After Peter fails to find any good jobs, Lois turns to her father Carter for assistance. Carter agrees to employ Peter as a servant on his estate, and the Griffins move into a settlement of other illegal Mexican immigrants near Carter's mansion. Of course, working as a servant, especially under Carter, proves grueling for Peter, who begins to empathize with the illegal immigrants. He forms a friendship with them, and they in turn invite him and his family to a party to celebrate Cinco de Mayo. However, Carter crashes the party by reminding him of American regulations. Peter is outraged and rallies up the illegal immigrants to form a rebellion. Carter decides to negotiate with Peter, saying he will grant him American citizenship if he calls off the rebellion. Peter demands that everyone must gain citizenship, but the others insist that he take this opportunity, saying that their day will come someday. Peter agrees, and from this point onward Peter becomes an official American citizen; the family moves back to their house, Peter regains his job, and all is well.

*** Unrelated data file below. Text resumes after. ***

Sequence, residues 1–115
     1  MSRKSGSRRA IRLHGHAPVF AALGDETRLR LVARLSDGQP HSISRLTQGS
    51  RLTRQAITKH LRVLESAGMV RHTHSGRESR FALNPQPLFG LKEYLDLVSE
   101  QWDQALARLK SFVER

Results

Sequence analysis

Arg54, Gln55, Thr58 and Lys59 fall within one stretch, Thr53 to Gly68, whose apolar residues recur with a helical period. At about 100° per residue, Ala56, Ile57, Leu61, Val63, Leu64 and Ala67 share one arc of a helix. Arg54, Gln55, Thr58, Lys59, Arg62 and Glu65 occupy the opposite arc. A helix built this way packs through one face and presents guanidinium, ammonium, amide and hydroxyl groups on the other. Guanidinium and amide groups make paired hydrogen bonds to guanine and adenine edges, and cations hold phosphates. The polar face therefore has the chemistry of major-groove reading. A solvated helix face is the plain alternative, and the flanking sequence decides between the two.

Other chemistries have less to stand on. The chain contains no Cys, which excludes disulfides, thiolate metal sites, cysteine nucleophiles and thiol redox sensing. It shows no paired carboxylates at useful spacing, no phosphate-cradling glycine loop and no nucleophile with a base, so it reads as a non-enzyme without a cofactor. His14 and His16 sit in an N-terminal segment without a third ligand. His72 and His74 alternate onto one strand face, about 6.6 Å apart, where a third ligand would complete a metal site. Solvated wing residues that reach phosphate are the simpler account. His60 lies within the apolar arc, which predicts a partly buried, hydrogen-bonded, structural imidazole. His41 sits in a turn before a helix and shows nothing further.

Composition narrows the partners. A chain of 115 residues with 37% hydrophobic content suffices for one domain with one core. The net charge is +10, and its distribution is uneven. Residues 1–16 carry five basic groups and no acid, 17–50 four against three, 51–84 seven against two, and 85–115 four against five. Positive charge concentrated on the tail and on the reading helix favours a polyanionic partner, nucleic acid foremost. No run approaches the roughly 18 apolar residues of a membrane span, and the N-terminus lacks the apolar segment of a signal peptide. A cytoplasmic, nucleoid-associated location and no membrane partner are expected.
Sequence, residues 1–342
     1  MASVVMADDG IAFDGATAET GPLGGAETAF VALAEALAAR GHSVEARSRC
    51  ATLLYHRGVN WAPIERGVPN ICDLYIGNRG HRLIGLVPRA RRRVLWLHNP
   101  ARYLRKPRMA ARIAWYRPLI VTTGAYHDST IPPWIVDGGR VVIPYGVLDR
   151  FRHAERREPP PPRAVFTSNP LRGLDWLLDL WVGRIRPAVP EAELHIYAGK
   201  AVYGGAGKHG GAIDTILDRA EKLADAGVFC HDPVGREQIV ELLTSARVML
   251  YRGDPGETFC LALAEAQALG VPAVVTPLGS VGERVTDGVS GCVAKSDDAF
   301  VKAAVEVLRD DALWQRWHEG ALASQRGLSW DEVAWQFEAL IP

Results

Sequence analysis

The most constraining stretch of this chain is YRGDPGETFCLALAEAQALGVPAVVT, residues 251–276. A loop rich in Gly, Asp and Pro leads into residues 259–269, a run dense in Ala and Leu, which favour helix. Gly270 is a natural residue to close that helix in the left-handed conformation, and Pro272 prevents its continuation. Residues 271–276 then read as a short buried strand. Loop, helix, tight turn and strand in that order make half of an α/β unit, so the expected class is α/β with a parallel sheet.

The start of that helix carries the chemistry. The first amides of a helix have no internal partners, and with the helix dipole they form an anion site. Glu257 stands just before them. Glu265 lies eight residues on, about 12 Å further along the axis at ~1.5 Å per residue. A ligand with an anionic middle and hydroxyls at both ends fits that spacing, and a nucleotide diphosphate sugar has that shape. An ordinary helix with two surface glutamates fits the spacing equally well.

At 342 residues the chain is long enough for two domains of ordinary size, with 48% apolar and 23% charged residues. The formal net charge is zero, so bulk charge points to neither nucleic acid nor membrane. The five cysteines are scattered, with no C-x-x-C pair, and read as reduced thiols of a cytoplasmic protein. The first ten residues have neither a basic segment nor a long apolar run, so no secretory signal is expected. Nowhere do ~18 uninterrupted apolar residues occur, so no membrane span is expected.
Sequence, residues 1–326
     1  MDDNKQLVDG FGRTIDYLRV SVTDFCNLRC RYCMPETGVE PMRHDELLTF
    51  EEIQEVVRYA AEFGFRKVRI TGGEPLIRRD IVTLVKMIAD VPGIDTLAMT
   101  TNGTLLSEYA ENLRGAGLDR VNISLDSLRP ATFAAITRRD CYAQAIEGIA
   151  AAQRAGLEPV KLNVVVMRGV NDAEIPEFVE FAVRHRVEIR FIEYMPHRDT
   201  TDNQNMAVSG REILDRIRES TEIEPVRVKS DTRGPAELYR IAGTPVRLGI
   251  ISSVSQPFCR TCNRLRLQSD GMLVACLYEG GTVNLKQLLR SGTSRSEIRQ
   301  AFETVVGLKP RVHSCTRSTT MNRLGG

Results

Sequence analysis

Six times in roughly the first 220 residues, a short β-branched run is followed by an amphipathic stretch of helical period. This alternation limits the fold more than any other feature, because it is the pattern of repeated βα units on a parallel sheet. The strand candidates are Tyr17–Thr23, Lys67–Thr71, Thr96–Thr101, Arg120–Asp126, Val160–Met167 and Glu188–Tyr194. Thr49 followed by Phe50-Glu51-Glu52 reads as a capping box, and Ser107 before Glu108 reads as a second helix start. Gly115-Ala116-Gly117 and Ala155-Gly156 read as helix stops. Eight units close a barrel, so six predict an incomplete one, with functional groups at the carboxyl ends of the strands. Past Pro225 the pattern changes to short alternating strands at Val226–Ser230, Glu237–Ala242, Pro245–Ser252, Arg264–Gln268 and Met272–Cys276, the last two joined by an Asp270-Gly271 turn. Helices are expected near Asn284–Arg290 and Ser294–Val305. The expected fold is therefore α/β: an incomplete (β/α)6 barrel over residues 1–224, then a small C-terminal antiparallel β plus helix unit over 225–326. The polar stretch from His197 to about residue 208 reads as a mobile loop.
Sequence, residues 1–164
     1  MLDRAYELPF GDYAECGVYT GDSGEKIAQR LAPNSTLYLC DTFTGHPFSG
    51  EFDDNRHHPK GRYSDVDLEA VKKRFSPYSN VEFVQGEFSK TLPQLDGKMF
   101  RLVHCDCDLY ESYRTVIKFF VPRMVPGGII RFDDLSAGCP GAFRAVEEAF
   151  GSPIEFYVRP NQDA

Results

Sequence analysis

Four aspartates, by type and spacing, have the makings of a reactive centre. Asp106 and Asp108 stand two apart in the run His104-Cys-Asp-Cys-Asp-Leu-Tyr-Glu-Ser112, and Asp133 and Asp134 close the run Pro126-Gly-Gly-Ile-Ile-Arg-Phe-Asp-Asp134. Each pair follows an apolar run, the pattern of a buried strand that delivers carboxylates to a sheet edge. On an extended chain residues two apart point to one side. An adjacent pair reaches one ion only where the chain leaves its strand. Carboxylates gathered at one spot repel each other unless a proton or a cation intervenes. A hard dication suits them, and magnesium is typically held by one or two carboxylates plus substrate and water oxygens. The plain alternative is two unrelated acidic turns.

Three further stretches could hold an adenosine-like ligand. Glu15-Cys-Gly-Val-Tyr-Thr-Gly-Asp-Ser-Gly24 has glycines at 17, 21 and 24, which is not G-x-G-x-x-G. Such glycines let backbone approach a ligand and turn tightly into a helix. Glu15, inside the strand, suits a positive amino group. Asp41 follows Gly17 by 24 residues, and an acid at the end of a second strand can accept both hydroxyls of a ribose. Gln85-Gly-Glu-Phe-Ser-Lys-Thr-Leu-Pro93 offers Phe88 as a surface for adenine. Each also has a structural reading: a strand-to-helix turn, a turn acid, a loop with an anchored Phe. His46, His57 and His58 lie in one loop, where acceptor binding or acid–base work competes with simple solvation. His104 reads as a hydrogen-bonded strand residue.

"Con respecto a los inmigrantes, es necesaria una actitud hospitalaria y acogedora, que los aliente a integrarse en la vida eclesial, salvaguardando siempre su libertad y su peculiar identidad cultural. A este fin es muy importante la colaboración entre las diócesis de las que proceden y aquellas en las que son acogidos, también mediante las específicas estructuras pastorales previstas en la legislación y en la praxis de la Iglesia. Se puede asegurar así la atención pastoral más adecuada posible e integral. La Iglesia en América debe estar impulsada por la constante solicitud de que no falte una eficaz evangelización a los que han llegado recientemente y no conocen todavía a Cristo" (EA,65).
The part of the telenovela dealing with Islamic customs and attitudes mixes traditions from diverse countries, rather than those of Morocco alone, and has been criticised for its inaccurate representation of these traditions, according to Barbosa. These criticisms include the portrayal of polygamy as commonly accepted in Morocco, women as rarely working outside the home or pursuing an advanced education, and women having only unimportant roles within the family. Critics making these judgments included sheik Abdelmalek Cherkaoui Ghazouani, the Moroccan ambassador to Brazil, who considered the high profile of these representations to merit his posting his criticisms directly on his embassy's website as part of a bulletin board . [ citation needed ]